“It has been a good week,” said Randy Frederick, managing director of trading & derivatives at Charles Schwab. “It’s rare. At least in 2022, we’ve had only a couple of weeks where we ended up net positive. It looks pretty similar to what we saw right around the end of May, and that one of course fizzled out.”
The S&P 500 rose 116.01 points to 3,911.74. The Dow climbed 823.32 points to 31,500.68. The Nasdaq rose 375.43 points to 11,607.62.
Smaller company stocks also rallied. The Russell 2000 rose 54.06 points, or 3.2%, to 1,765.74.
Parts of the U.S. economy are still red-hot, particularly the jobs market, but some discouraging signals have emerged recently. A report on Friday confirmed sentiment among consumers sank to its lowest point since the University of Michigan began keeping records, hurt in particular by high inflation. Another lowlight this week suggested the U.S. manufacturing and services sectors aren’t as strong as economists thought.
Such weakening data raise worries about the strength of the economy. But they also can be good for financial markets, as paradoxical as that may seem.
They could mean less upward pressure on inflation, which would ultimately mean the Federal Reserve doesn’t have to raise rates so aggressively. And interest rates drive trading for everything from stocks to cryptocurrencies.
“We have seen a cooling off in a lot of areas, certainly. Gasoline purchases are down, housing prices appear to be cooling across the board,” Frederick said. “To me all of this speaks to the fact what the Fed is doing now appears to at least be having some impact. Now, whether or not it’s sufficient to bring inflation down, I don’t think we know yet.”
One nugget in the consumer sentiment report could carry particular weight for markets. It showed consumers’ expectations for inflation over the long run moderated to 3.1% from a mid-month reading of 3.3%. That’s crucial for the Fed because expectations for higher inflation in the future can trigger buying activity that inflames inflation further in a self-fulfilling, vicious cycle.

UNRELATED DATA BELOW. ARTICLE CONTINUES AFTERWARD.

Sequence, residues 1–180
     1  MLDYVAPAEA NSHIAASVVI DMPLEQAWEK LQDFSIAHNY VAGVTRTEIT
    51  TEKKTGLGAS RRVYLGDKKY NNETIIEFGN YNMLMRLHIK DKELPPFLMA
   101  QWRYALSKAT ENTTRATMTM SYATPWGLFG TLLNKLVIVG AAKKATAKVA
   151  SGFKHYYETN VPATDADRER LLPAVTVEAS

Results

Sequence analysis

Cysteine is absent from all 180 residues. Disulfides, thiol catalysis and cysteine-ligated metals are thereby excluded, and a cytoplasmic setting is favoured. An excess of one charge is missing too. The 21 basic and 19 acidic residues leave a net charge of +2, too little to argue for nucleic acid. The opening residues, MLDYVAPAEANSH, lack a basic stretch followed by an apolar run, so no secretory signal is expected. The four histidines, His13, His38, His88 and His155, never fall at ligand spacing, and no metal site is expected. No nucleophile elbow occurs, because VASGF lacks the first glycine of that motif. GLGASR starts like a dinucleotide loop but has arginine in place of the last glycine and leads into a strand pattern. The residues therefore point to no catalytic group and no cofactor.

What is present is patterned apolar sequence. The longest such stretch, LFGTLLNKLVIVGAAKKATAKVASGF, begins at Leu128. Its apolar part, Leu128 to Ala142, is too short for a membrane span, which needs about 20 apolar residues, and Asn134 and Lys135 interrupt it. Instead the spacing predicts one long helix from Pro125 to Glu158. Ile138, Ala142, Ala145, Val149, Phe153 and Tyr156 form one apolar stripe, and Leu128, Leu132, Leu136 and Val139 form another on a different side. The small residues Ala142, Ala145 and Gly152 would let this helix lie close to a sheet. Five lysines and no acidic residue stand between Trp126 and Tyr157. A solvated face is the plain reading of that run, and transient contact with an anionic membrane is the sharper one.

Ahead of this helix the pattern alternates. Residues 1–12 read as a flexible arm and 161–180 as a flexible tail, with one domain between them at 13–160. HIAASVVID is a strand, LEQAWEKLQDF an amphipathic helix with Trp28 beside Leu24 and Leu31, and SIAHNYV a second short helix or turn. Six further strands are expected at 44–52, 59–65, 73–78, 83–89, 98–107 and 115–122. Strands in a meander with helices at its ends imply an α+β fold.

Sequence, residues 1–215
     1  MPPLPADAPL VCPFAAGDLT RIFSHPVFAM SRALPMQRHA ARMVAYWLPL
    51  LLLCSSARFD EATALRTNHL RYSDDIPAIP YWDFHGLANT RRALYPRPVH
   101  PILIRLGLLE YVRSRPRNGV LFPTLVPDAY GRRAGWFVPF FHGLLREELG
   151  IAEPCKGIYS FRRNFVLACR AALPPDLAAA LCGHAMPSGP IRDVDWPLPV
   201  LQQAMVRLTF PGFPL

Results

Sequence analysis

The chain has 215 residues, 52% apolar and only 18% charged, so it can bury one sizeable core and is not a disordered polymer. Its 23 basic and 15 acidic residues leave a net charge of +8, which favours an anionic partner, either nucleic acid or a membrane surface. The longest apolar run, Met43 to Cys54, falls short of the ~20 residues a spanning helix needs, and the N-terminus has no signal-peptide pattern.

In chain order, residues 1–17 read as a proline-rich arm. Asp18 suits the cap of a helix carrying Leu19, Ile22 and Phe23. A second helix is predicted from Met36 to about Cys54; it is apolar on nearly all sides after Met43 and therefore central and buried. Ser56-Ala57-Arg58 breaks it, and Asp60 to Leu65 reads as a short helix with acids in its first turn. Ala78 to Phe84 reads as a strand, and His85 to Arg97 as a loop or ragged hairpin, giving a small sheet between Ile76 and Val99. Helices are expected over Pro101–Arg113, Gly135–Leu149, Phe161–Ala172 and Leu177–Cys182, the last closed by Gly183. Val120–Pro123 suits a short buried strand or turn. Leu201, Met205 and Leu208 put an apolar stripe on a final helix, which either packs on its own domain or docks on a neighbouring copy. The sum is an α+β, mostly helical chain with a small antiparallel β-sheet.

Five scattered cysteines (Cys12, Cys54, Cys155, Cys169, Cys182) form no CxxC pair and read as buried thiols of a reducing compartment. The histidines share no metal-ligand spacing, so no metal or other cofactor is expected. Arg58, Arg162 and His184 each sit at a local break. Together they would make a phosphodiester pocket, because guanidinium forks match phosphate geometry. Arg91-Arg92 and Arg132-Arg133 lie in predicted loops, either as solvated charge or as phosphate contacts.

Last week, the Fed hiked its key short-term rate by the biggest margin in decades and said another such increases could be coming, though they wouldn’t be common.
Over the last week, investors have been modestly ratcheting back their expectations for how high the Fed will hike interest rates into early next year.
That's helped yields in the Treasury market recede. The yield on the two-year Treasury, which tends to move with expectations for the Fed’s actions, dropped back to 3.06% from more than 3.40% in the middle of last week.
The yield on the 10-year Treasury, which forms the bedrock for the world’s financial system, rose to 3.13% on Friday from 3.07% late Thursday. But it also has moderated after hitting 3.48% last week.
It started the year just a bit above 1.50%.
A separate economic report on Friday showed sales of new homes unexpectedly accelerated last month. But the trend for housing has largely been lower because it's at the leading edge of the Fed's hikes.
More expensive mortgage rates are hurting the industry, and a separate report earlier this week showed sales of previously occupied homes slowed last month.
Rising mortgage rates pushed LendingTree, the online marketplace that helps people find mortgages and other loans, to warn Friday that it expects to report weaker revenue for the second quarter than earlier forecast. Its stock fell 7.9%.
The vast majority of Wall Street was heading the opposite direction. More than 95% of the stocks in the S&P 500 closed higher.
Travel-related stocks were among the biggest gainers Friday. Cruise operator Carnival rose 12.4% after it reported weaker results for its most recent quarter than analysts expected, but also said that booking trends are improving. Royal Caribbean jumped 15.8% for the biggest gain in the S&P 500. United Airlines rose 7.5%, while Wynn Resorts climbed 12.1%.
AP Business Writer Elaine Kurtenbach contributed.